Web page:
I have an open question about Prioritized Experience Replay from [Schaul15]. From my experiments, it seems that an equation in the publication is wrong, but maybe I’m overlooking something. I’d appreciate input.
I won’t go into an intro to the research, because I’m asking for help from someone more familiar with it than I. But, my crux is being stuck on the Importance Sampling (IS) step. The algorithm calls for a (-beta) exponent, but in all of my tests so far, this causes bad divergences. It seems that a (+beta) exponent yields the expected result.
Here’s the algorithm, as presented in [Schaul15]. Line 10 is where I’m seeing problems.
At first, I thought I was crazy, because every implementation I’ve found reflects the algorithm above (as well as within equations in tutorial videos). However, I can’t seem to reproduce good results with my own code.
Here’s a stripped-down example of the algorithm in simple Python code that demonstrates what I perceive to be the issue (you can run this in a simple REPL loop):
import numpy as np from collections import deque d = deque(maxlen=10) d.append(1) d.append(2) d.append(3) # Test variations of alpha... alpha = 0.0 dist = np.array(list(d)) ** alpha # We can see alpha=0 correctly makes everything uniform print(dist) # Outputs: array([1., 1., 1.]) alpha = 1.0 dist = np.array(list(d)) ** alpha # We can see alpha=1 preserves the priorities print(dist) # Outputs: array([1., 2., 3.]) alpha = 0.5 dist = np.array(list(d)) ** alpha print(dist) # Outputs: array([1. , 1.41421356, 1.73205081]) dist /= dist.sum() print(dist) # Outputs: array([0.24118095, 0.34108138, 0.41773767]) num_samples = len(d) print(num_samples * dist) # Outputs: array([0.72354286, 1.02324413, 1.253213 ]) # Test variations of beta... beta = 0.0 # We can see beta=0 correctly makes everything uniform print((num_samples * dist) ** (-beta)) # Outputs: array([1., 1., 1.]) beta = 1.0 # It seems that beta=1 with the negative exponent INCORRECTLY downsamples weights on the prioritized samples importances = np.array((num_samples * dist) ** (-beta)) print(importances / importances.max()) # Outputs: array([1. , 0.70710678, 0.57735027]) # It seems that beta=1 with the positive exponent seems to correctly weight according to priority importances = np.array((num_samples * dist) ** (beta)) print(importances / importances.max()) # Outputs: array([0.57735027, 0.81649658, 1. ])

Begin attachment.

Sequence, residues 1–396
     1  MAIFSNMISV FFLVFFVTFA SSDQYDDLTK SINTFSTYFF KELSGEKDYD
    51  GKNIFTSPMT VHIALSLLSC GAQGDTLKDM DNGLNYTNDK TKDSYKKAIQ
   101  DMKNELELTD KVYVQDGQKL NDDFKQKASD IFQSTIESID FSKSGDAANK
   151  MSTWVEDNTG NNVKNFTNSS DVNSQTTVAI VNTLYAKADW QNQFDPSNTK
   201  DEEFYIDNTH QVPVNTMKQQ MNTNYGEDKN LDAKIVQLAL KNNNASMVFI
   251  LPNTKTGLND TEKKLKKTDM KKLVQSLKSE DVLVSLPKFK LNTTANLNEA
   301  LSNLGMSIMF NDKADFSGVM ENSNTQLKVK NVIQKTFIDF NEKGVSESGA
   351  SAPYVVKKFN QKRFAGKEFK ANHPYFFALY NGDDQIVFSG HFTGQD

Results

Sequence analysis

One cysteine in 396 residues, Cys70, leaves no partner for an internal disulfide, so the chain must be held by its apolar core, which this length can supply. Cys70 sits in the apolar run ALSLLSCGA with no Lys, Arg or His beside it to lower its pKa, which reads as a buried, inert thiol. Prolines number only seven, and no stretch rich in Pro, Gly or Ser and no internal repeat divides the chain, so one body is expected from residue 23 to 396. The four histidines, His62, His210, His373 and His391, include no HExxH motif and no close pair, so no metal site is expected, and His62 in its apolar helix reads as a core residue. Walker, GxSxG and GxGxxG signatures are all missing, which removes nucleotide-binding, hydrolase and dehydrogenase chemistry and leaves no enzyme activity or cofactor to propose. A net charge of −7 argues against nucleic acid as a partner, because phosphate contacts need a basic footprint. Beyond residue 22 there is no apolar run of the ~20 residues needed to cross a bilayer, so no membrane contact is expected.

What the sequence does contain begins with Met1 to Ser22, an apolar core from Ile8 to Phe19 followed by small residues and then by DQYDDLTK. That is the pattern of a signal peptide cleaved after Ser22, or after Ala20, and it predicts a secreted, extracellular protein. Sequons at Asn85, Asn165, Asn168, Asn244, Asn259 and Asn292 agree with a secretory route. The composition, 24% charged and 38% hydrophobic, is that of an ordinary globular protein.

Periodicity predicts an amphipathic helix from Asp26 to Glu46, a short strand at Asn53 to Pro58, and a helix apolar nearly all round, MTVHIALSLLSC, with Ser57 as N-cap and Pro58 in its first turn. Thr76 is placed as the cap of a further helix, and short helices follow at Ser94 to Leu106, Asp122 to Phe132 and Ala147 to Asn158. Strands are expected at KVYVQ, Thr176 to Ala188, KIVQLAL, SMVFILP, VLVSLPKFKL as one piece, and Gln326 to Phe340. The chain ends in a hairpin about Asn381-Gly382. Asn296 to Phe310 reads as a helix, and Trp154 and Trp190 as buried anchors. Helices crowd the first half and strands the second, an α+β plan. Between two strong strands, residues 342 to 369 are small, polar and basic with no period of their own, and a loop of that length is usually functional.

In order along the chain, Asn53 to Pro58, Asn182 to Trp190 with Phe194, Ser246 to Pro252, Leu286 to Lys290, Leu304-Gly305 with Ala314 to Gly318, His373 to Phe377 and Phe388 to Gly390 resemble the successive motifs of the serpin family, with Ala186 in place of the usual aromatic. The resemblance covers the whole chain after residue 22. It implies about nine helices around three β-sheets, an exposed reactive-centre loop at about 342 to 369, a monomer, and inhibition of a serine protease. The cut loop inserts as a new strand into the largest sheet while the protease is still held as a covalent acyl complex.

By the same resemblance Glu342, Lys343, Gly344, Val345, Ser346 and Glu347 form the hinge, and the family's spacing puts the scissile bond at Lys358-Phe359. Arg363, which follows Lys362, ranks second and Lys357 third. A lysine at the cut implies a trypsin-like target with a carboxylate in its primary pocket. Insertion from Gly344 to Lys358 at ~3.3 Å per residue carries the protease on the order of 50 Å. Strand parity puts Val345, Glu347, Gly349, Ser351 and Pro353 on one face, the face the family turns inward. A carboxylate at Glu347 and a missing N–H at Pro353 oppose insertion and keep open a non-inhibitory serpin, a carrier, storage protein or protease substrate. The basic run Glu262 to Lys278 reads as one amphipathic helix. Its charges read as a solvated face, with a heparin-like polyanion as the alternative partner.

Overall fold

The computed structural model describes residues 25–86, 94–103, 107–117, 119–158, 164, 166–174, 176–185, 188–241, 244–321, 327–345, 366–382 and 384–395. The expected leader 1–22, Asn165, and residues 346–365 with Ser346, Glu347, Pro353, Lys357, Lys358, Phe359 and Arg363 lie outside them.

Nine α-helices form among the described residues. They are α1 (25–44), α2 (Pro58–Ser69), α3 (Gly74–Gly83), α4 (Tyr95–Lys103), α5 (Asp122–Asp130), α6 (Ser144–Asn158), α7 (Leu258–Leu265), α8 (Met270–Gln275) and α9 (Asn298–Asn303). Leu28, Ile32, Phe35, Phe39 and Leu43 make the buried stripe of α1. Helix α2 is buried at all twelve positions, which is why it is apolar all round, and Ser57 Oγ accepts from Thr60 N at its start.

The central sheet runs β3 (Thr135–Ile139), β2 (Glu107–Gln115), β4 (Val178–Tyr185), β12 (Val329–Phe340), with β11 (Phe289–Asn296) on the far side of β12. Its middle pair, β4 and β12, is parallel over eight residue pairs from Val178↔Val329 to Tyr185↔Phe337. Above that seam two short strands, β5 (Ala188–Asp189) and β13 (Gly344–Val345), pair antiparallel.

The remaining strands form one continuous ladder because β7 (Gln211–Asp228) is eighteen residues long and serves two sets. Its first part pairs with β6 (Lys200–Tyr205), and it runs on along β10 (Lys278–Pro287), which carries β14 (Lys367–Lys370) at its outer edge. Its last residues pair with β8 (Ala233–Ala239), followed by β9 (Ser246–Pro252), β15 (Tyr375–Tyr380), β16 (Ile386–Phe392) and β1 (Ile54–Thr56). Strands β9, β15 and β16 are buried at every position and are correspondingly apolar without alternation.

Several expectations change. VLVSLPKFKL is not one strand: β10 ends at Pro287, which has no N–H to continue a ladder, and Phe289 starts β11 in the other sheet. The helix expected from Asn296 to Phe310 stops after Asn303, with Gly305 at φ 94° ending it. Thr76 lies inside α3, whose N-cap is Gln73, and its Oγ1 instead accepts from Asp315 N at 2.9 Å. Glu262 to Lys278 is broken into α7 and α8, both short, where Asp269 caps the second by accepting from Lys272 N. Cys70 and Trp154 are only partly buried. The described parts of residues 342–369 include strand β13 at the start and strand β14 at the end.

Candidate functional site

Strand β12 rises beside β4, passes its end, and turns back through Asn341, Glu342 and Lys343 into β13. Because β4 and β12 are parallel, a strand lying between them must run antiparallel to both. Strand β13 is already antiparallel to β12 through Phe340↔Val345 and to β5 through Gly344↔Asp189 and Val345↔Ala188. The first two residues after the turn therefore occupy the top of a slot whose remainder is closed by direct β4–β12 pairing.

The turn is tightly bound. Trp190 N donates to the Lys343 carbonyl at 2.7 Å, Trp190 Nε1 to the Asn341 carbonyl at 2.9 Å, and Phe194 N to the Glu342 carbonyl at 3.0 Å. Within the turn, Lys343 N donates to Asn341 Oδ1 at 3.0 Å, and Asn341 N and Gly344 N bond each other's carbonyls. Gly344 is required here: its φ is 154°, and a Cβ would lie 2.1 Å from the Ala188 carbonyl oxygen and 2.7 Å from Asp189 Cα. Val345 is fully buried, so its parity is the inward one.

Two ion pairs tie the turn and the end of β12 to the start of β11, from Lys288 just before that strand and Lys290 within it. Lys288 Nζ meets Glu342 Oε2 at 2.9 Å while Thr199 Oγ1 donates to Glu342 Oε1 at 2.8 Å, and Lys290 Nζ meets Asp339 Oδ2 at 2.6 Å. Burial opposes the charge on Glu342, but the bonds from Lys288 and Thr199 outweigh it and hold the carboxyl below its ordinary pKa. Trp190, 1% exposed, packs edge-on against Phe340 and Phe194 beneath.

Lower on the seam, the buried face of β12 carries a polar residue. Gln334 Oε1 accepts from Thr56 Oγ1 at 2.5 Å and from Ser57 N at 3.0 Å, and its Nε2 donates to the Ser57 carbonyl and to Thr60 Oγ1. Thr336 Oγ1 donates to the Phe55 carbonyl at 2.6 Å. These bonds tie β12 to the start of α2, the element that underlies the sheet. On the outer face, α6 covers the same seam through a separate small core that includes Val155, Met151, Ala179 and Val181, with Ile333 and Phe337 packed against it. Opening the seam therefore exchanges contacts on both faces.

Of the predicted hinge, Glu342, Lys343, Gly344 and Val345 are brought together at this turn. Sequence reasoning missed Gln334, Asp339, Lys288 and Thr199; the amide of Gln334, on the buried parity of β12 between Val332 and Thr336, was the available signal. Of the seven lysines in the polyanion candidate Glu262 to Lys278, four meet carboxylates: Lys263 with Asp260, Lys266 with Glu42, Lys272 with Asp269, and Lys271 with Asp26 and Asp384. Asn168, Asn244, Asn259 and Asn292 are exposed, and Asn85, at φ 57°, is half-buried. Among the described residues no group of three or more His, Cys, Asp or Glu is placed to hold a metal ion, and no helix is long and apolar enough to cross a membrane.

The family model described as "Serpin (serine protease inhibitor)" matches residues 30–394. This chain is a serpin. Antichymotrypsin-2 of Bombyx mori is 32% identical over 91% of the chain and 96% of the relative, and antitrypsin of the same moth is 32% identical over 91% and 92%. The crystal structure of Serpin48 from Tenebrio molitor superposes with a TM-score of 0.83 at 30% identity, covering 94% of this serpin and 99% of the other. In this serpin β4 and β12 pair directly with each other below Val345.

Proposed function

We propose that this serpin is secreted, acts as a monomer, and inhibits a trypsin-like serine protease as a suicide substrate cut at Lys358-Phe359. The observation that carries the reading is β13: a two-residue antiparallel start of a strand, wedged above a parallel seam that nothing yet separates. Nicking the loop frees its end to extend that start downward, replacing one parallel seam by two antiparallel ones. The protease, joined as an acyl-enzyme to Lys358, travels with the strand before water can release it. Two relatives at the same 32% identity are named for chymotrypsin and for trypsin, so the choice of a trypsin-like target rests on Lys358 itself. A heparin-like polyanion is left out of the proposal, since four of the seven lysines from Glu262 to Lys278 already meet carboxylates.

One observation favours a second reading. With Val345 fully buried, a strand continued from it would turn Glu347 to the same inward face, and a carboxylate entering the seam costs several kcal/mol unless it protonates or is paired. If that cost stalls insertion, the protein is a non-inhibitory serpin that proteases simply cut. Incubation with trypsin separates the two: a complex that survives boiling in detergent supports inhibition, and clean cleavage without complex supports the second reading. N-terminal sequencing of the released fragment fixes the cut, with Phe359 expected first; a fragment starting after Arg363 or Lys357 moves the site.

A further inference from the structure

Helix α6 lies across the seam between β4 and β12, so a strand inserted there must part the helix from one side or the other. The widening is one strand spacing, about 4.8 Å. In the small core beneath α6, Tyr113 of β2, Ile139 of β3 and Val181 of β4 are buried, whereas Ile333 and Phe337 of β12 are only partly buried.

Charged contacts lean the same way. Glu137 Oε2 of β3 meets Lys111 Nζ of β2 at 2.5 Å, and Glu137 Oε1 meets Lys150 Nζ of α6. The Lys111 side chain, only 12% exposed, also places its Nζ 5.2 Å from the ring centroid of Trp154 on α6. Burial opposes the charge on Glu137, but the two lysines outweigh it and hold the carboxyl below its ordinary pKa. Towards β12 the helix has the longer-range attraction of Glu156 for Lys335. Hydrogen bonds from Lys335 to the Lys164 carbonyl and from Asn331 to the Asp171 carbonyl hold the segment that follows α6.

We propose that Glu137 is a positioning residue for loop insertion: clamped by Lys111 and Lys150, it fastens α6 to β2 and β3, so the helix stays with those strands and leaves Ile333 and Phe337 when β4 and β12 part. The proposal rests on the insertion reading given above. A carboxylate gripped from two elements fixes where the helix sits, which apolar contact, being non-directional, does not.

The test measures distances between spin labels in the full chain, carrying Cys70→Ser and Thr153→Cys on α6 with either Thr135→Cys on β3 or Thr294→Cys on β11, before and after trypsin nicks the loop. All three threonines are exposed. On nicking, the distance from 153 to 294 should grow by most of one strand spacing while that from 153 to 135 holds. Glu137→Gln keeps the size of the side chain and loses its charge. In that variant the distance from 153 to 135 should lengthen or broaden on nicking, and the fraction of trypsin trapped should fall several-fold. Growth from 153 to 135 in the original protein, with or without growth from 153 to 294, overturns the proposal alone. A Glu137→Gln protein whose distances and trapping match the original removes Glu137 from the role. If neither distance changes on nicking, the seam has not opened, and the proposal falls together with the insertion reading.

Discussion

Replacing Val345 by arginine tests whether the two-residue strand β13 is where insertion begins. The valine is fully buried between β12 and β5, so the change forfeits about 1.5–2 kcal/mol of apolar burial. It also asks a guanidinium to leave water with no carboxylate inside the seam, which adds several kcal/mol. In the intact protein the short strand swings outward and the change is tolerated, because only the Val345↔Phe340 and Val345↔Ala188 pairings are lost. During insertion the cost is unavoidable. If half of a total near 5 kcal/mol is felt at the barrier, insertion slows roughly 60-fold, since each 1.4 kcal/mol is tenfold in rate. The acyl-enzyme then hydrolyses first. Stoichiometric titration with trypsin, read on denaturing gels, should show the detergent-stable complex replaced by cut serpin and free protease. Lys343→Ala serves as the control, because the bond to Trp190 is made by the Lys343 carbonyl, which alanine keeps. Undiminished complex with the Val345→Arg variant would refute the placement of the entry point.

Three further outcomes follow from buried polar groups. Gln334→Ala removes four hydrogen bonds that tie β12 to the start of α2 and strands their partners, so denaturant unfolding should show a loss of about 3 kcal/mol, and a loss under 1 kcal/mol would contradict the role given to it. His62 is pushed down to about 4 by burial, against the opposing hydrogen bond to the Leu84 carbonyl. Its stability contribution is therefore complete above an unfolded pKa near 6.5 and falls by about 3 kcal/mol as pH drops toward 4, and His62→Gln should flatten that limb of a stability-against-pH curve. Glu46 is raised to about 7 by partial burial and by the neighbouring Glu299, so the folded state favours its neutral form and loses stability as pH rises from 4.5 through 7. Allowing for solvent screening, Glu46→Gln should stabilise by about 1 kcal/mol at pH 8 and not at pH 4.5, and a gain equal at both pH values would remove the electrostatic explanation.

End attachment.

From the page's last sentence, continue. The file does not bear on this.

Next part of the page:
As seen with this simple Python code, it seems that keeping the positive exponent on beta causes the priorities to be correctly re-weighted.
Both within [Schaul15] and in other references, I have seen examples that show an equivalent representation of line 10 in a different form (with a positive exponent on beta, but with the other parameters inverted).
Perhaps some confusion between these two representations has led others astray? Or have I (much more likely) completely overlooked something that is ruining my own results? I welcome any and all feedback.
[Schaul15] Schaul, T., et al. 2015 Prioritized Experience Replay. arXiv:1511.05952 [cs.LG].